Fine Needle Aspiration (FNA) Biopsy is a simple procedure that involves passing a thin needle through the skin to sample fluid or tissue from a cyst or solid mass, as can be seen in the picture below. The sample of cellular material taken during an FNA is then sent to a pathology laboratory for analysis. Fine needle aspiration biopsies are often performed when a suspicious lump is found, for example a breast lump or enlarged lymph node, or if an abnormality is detected on an imaging test such as x-rayultrasound or mammography. Fine needle aspiration is a relatively non-invasive, less painful and quicker method when compared to other methods of tissue sampling such as surgical biopsy. A cyst aspiration can also be achieved with a FNA, where the fluid is drained from a cyst with no need for analysis........The risks of fine needle aspiration biopsy include the possibility of cancer cells being trailed into unaffected tissue as the needle is removed, but this is rare when the test is performed by skilled practitioners.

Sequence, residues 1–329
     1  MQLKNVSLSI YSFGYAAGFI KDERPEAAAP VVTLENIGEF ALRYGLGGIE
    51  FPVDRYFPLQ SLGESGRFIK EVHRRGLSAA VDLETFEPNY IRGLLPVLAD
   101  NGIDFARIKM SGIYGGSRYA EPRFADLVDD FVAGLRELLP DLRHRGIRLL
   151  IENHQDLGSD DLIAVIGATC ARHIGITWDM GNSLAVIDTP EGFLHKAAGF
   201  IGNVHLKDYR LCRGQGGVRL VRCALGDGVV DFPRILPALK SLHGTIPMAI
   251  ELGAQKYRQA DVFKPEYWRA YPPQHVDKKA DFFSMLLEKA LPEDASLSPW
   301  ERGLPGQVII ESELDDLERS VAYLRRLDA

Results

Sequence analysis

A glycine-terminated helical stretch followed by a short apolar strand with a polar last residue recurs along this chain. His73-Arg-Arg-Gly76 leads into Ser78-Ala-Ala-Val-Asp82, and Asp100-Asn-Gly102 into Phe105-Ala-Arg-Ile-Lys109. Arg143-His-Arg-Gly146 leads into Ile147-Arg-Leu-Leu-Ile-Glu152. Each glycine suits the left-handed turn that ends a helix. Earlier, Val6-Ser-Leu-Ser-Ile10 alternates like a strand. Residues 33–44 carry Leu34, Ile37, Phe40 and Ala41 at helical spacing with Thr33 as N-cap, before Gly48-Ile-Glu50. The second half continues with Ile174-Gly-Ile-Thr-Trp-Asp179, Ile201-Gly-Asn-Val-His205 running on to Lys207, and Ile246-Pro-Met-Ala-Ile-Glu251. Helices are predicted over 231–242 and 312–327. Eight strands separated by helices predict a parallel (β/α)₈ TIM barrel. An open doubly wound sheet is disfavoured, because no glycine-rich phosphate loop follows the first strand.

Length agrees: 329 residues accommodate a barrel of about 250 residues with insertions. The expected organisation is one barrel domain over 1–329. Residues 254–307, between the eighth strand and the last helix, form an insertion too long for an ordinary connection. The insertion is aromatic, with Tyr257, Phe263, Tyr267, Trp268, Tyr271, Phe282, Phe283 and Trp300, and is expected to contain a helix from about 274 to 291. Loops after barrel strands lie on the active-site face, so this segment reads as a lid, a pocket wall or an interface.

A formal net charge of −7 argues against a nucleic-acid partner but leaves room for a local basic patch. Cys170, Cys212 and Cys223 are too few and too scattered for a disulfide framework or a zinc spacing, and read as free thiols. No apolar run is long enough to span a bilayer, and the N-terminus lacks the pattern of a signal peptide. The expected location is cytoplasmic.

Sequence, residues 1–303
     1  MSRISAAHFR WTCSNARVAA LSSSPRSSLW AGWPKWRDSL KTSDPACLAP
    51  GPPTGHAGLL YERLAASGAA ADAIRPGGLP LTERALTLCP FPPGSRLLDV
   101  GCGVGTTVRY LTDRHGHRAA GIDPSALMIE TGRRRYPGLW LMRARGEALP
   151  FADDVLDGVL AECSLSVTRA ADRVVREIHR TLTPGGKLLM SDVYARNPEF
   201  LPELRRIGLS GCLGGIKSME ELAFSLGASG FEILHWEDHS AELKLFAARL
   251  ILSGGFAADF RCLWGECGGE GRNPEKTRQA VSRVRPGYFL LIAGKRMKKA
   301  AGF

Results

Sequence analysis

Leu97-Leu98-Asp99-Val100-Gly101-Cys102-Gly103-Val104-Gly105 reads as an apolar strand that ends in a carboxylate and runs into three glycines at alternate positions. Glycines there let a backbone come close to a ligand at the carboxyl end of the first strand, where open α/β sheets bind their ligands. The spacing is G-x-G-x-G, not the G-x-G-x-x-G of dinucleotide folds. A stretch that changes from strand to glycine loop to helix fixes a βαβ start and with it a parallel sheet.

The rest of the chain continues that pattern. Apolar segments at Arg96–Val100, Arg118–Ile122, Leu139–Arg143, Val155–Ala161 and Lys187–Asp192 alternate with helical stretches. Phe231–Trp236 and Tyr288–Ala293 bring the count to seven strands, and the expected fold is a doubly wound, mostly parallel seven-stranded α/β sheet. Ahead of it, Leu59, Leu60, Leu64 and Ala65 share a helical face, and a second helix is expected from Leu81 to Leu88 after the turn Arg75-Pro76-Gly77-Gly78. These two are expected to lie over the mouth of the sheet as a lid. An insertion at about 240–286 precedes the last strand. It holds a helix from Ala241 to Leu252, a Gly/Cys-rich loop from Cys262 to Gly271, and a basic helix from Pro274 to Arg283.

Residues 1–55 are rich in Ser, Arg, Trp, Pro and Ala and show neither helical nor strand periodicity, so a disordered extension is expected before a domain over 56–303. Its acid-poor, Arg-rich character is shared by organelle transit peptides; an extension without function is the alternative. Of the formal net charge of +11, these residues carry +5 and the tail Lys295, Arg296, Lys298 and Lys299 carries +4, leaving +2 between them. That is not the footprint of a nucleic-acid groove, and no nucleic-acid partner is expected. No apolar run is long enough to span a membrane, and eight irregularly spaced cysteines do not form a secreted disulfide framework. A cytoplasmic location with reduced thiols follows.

Fine Needle Aspiration 

Is there a risk of cancerous cells being trailed behind?  Yes there is, but looking at the overall picture, I would rather take that risk than the risk of not finding cancerous cells at all.  Ultrasound alone can not reliably offer a diagnosis of whether a nodule is malignant or not.  Without the FNAB we are putting her at a very great risk.  We can not afford to stick our heads in the sand with this.  As it stands right now, Leah has a 25% chance that the biopsy will reveal cancerous cells.  If you had a 1 in 4 chance of winning the lottery you would buy a ticket right? - you would think the odds are in your favour?